Climate Policy Bigger Threat
To World Than Terrorism'
By Steve Connor
09 January 2004
Tony Blair's chief scientist has launched
a withering attack on President George Bush for failing to tackle climate
change, which he says is more serious than terrorism.
Sir David King,
the Government's chief scientific adviser, says in an article today
in the journal Science that America, the world's greatest polluter,
must take the threat of global warming more seriously.
"In my view,
climate change is the most severe problem that we are facing today,
more serious even than the threat of terrorism," Sir David says.
The Bush administration
was wrong to pull out of the Kyoto protocol, the international effort
to limit the emission of greenhouse gases, and wrong to imply the protocol
could adversely affect the US economy, Sir David says. "As the
world's only remaining superpower, the United States is accustomed to
leading internationally co-ordinated action. But the US government is
failing to take up the challenge of global warming.
"The Bush administration's
strategy relies largely on market-based incentives and voluntary action
... But the market cannot decide that mitigation is necessary, nor can
it establish the basic international framework in which all actors can
take their place."
Results of a major
study showed yesterday that more than a million species will become
extinct as a result of global warming over the next 50 years. Sir David
says the Bush administration is wrong to dispute the reality of global
warming. The 10 hottest years on record started in 1991 and, worldwide,
average temperatures had risen by 0.6C in the past century.
Sea levels were
rising, ice caps were melting and flooding had become more frequent.
The Thames barrier was used about once a year in the 1980s to protect
London but now it was used more than six times a year.
"If we could
stabilise the atmosphere's carbon dioxide concentration at some realistically
achievable and relatively low level, there is still a good chance of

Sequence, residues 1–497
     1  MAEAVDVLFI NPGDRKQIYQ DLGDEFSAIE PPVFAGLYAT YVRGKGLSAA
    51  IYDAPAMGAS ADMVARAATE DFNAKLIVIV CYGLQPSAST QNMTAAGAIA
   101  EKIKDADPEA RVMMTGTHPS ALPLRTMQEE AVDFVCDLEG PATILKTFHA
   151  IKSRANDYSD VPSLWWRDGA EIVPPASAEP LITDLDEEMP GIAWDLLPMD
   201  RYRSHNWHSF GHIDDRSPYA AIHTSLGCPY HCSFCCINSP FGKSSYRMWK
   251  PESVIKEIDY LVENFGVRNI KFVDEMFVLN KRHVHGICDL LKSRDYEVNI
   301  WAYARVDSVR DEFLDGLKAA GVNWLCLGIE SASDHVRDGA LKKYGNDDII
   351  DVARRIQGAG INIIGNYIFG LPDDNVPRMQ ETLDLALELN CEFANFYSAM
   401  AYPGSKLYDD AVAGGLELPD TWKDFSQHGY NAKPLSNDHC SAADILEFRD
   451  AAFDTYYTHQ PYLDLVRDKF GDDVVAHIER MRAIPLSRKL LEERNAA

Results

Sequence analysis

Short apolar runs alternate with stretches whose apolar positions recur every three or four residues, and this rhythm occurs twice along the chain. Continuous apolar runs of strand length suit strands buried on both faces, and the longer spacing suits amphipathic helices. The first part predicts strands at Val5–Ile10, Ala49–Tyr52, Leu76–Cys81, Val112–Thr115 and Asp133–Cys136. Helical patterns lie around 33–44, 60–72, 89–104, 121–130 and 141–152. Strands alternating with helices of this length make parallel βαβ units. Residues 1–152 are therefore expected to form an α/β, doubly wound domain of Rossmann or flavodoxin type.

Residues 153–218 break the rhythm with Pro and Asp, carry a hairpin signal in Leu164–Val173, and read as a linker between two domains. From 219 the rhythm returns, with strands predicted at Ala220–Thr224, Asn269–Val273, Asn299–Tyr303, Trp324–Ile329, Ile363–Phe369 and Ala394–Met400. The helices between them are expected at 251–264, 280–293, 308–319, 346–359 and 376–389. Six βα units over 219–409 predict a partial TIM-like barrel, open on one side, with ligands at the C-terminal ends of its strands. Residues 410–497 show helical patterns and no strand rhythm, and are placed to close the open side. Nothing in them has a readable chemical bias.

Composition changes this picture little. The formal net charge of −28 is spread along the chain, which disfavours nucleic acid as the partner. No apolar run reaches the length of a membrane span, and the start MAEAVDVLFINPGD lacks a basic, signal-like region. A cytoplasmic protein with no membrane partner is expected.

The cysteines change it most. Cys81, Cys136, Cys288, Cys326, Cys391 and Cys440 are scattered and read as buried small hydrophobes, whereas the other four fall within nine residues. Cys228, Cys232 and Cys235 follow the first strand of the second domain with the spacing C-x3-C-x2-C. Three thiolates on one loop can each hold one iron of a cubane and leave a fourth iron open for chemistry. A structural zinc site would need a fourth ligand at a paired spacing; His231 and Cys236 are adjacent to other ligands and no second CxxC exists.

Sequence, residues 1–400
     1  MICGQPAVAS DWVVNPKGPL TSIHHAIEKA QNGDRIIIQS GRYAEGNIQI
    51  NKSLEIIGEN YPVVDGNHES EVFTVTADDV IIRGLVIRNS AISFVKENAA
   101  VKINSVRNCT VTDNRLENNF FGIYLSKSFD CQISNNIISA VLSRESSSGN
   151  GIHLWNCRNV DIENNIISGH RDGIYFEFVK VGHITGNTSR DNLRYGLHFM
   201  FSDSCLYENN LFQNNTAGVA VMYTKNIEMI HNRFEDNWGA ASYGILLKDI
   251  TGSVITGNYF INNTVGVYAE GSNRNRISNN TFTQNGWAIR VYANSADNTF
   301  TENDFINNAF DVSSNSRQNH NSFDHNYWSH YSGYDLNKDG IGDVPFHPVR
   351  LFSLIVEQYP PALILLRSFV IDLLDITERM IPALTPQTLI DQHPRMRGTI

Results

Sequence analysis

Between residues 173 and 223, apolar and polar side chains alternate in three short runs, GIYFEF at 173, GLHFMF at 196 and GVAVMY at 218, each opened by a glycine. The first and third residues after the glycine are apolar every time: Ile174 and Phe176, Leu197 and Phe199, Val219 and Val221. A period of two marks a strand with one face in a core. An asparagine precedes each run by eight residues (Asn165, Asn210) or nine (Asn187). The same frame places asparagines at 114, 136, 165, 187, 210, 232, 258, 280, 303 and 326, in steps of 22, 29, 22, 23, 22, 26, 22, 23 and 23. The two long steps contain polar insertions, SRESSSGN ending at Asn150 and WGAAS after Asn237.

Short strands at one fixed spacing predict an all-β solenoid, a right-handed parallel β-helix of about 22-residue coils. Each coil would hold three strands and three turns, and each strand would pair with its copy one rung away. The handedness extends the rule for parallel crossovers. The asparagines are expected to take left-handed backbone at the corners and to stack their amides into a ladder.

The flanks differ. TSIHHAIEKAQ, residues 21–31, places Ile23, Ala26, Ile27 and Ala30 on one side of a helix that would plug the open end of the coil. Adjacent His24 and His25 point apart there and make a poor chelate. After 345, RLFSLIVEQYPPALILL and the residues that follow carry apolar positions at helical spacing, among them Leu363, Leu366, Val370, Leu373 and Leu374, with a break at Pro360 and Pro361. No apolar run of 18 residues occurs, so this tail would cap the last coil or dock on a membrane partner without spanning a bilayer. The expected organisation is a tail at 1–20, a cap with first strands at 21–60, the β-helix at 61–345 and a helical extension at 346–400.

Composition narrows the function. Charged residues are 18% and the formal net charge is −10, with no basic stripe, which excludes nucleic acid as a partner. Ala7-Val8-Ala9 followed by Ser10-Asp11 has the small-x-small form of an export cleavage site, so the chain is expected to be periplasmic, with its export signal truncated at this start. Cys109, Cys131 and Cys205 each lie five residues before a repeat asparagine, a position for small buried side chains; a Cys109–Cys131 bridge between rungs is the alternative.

mitigating the worst effects of climate change."
But countries such
as Britain could not solve the problem of global warming in isolation,
particularly when the US was by far the biggest producer of greenhouse
gases on the planet. "The United Kingdom is responsible for only
2 per cent of the world's emissions, the United States for more than
20 per cent (although it contains only 4 per cent of the world's population),"
Sir David says.
States is already in the forefront of the science and technology of
global change, and the next step is surely to tackle emissions control
too. We can overcome this challenge only by facing it together, shoulder
to shoulder. We in the rest of the world are now looking to the US to
play its leading part."
Advisers to President
Bush have suggested climate change is a natural phenomenon and criticised
climate researchers for suggesting that rises in global temperatures
are the result of man-made emissions of greenhouse gases such as carbon
But Sir David says
the "causal link" between man-made emissions and global warming
is well-established and scientists cannot explain the general warming
trend over the past century without invoking human-induced effects.
The Cambridge academic,
who was born in South Africa and emigrated to Britain, implies that
the US has a moral obligation to follow the UK's lead in trying to limit
the damage resulting from rising world temperatures and climate change.
"As a consequence
of continued warming, millions more people around the world may in future
be exposed to the risk of hunger, drought, flooding, and debilitating
diseases such as malaria," Sir David says.
in developing countries are likely to be most vulnerable. For instance,
by 2080, if we assume continuing growth rates in consumption of fossil
fuels, the numbers of additional people exposed to frequent flooding
in the river delta areas of the world would be counted in hundreds of
millions assuming no adaptation measures were implemented."
President Bush has
said more research on global warming is needed before the US will consider
the sort of action needed to comply with the Kyoto protocol, but Sir
David says that by then it could be too late. "Delaying action
for decades, or even just years, is not a serious option. I am firmly
convinced that if we do not begin now, more substantial, more disruptive,
and more expensive change will be needed later on."
Britain is committed
to cutting its emissions of greenhouse gases by 60 per cent from 1990
levels by around 2050 and believes other developed countries, such as
the US, should follow suit. Bush officials say that would damage their
economy and provide an unfair advantage to the country's international
competitors. But Sir David says that it is a "myth" that reducing
greenhouse gas emissions makes us poorer. "Taking action to tackle
climate change can create economic opportunities and higher living standards,"
A spokeswoman for
the US State Department said that she was unable to comment directly
on Sir David's article.